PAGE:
Penn State took to a familiar stage for the Big Ten Championships this year, right at home at the Bryce Jordan Center. The Nittany Lions fell behind Iowa in the team standings but crowned two individual champions at 133 and 184. Junior Roman Bravo-Young got his first title and sophomore Aaron Brooks got his second. The team fell behind Iowa in the team standings and ended as runner-up.
Although it wasn’t the dominant showing Penn State fans are accustomed to, six freshmen made their Big Ten Championship tournament debut for the Nittany Lions. In a season like this one, going up against the talent and experience of Big Ten wrestlers, this was a solid experience and pretty decent showing for these newcomers. With conditioning and more collegiate exposure, Penn State fans are in for several more years of tournament dominance with these young wrestlers.
Roman Bravo-Young’s journey to the top began with a bye in round one, then a 9-3 victory over Purdue’s Jacob Rundell. In the semis, Bravo-Young had another dominant showing over Cornhusker Chris Cannon, defeating him 8-3. Then a much-anticipated rematch in the finals, RBY versus Austin Desanto of Iowa. The finals match consisted of three periods of the two wrestlers battling it out. RBY was able to get two smooth takedowns from unique angles and using a quick drag. Desanto was held to two escapes and RBY had one himself to end the pretty quick and straightforward match 5-2.
Nick Lee didn’t get his Big Ten win in the finals, but his exciting match makes us all the more excited for his rematch with Iowa’s Jaydin Eierman. The two exchanged takedowns in the first, but Eierman got his escape while Lee couldn’t shake the Hawkeye and struggled through his 1:59 ride out to end the first. Eierman chose down and escaped to a 4-2 lead at the start of two, Eierman stalled his way through the second period running away from Lee’s shot attempts and got his first stall warning. Lee chose neutral to start the third and finally got in on a shot for a takedown to tie it up 4-4. He cut Eierman loose and went back to his shots. Eierman continued to stall and got called, tying the match 5-5. The Hawkeye was able to successfully stall out the rest of the match without a call and win on the riding time point. These two will definitely be meeting again.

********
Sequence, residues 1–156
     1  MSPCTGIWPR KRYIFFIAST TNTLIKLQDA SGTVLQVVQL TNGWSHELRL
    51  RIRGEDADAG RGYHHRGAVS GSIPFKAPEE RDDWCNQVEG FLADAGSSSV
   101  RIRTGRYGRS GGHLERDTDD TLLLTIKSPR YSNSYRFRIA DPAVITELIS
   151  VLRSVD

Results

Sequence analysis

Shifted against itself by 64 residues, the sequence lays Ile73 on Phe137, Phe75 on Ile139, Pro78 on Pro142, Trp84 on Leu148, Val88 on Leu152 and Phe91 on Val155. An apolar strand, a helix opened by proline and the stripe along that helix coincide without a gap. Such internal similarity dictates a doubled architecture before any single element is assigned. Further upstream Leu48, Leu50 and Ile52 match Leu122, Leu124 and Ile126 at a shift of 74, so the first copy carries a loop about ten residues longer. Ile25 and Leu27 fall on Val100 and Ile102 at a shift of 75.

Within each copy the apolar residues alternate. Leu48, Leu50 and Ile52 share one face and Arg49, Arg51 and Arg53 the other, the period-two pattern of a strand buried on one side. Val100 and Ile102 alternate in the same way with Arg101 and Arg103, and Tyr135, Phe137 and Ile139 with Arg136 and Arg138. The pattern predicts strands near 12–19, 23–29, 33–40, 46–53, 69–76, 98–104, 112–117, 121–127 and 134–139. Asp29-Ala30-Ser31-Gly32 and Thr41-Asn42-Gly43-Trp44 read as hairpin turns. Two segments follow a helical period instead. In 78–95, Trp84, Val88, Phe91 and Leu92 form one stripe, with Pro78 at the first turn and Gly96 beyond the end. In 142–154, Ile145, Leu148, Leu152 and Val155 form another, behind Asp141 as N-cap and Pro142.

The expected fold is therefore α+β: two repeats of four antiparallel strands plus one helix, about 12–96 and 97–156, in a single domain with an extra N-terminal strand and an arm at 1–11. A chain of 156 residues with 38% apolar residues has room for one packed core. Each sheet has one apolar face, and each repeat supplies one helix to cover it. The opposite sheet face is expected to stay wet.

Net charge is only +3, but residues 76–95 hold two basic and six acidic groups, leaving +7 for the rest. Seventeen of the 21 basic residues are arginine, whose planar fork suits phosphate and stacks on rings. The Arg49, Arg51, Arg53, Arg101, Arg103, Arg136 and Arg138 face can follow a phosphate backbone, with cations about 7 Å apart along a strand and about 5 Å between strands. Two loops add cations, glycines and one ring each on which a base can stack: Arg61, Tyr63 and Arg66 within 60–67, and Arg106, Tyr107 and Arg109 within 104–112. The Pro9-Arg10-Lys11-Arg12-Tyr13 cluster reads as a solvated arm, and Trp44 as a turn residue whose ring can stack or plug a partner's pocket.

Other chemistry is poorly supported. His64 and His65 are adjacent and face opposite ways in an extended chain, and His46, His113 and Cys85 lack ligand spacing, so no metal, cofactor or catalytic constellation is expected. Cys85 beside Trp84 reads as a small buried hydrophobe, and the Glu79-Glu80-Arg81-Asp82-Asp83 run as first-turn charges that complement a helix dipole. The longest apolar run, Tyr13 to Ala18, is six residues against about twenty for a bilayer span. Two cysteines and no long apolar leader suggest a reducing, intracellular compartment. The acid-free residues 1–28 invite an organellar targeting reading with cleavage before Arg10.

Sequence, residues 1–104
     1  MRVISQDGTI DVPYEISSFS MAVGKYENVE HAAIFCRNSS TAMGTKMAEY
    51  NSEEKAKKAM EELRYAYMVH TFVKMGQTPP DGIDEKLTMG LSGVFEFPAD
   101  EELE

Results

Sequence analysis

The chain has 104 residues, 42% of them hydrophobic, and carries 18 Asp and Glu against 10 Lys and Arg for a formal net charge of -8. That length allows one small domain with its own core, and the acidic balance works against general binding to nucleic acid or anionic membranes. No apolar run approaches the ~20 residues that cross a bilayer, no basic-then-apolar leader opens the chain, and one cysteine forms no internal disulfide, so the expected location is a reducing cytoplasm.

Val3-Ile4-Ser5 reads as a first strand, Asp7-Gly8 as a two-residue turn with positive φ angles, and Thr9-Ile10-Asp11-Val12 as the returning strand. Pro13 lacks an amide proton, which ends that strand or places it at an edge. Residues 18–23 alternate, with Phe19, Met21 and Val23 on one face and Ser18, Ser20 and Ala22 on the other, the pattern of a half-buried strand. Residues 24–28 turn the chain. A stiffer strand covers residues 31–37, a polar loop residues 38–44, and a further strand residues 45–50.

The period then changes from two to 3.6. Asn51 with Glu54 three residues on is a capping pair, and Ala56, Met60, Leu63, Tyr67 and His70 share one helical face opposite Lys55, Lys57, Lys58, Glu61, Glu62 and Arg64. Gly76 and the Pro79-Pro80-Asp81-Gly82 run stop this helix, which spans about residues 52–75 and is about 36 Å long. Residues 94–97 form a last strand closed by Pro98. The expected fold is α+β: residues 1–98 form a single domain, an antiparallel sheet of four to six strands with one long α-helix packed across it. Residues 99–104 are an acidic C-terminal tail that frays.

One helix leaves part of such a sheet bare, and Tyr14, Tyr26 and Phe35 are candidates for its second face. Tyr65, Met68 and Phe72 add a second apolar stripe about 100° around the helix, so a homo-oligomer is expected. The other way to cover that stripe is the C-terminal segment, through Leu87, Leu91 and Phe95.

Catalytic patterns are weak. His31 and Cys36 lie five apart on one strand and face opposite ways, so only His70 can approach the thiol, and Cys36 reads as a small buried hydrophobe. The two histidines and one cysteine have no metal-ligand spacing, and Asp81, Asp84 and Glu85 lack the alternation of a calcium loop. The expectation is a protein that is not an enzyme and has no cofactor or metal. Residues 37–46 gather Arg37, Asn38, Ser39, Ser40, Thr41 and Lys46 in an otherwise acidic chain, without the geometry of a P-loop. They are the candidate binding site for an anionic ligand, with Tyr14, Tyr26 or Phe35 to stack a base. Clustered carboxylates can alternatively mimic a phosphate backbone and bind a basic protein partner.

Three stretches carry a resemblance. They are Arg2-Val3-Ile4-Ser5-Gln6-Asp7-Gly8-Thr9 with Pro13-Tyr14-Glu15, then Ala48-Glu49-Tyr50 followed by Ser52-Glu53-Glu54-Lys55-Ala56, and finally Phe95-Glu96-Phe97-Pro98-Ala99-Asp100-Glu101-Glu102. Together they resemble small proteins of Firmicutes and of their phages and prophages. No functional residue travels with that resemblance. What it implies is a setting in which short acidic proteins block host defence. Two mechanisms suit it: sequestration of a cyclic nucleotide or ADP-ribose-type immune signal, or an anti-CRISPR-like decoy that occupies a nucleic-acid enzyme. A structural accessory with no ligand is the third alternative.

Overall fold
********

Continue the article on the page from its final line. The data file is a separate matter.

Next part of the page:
Sophomore Aaron Brooks also started the tournament with a bye, then gave everyone a bit of a scare in his first match with Iowa’s Nelson Brands. Brooks suffered an apparent ankle injury and had to take two injury timeouts during the match. After a tight score in the first two periods, Brooks had enough and ran away with the bout. He scored a takedown and four near fall points to put the match away 14-8. He moved onto the semifinals and put up an easy major decision over John Poznanski from Rutgers. In the finals, he saw a familiar face, Nebraska’s Taylor Venz. Venz handed Brooks his single loss on his record early last season and then Brooks pinned Venz in the Big Ten Championships last year. For their third meeting, Brooks prevailed again. Brooks spent most of the match building a steady lead and a hefty riding time for a dominant 10-5 win for the title.
FINAL TEAM STANDINGS
1: Iowa – 159.5
2: Penn State – 124.0
3: Nebraska – 105.5
4: Michigan – 92.0
5: Minnesota – 77.5
125: Robert Howard - 6th Place
133: Roman Bravo-Young - 1st Place
141: Nick Lee - 2nd Place
149: Beau Bartlett - DNP
157: Brady Berge - 6th Place (medical forfeit in 5th place consolation match)
165: Joe Lee - 8th Place
174: Carter Starocci - 2nd Place
184: Aaron Brooks - 1st Place
197: Michael Beard - 6th Place
285: Greg Kerkvliet - 4th Place
The Nittany Lions will rematch with many of their Big Ten competitors at the National Championships on March 18-20. Nine wrestlers received bids to compete at the tournament, Beau Bartlett falling just short. It will be a tough feat to challenge Iowa for the national title, but maybe some of the Penn State freshmen will be better prepared for the tournament stage.
Catch the selection show for seeds and brackets releases on Wednesday, March 10 at 6 p.m. and keep an eye out on the NCAA website for updates on tournament coverage.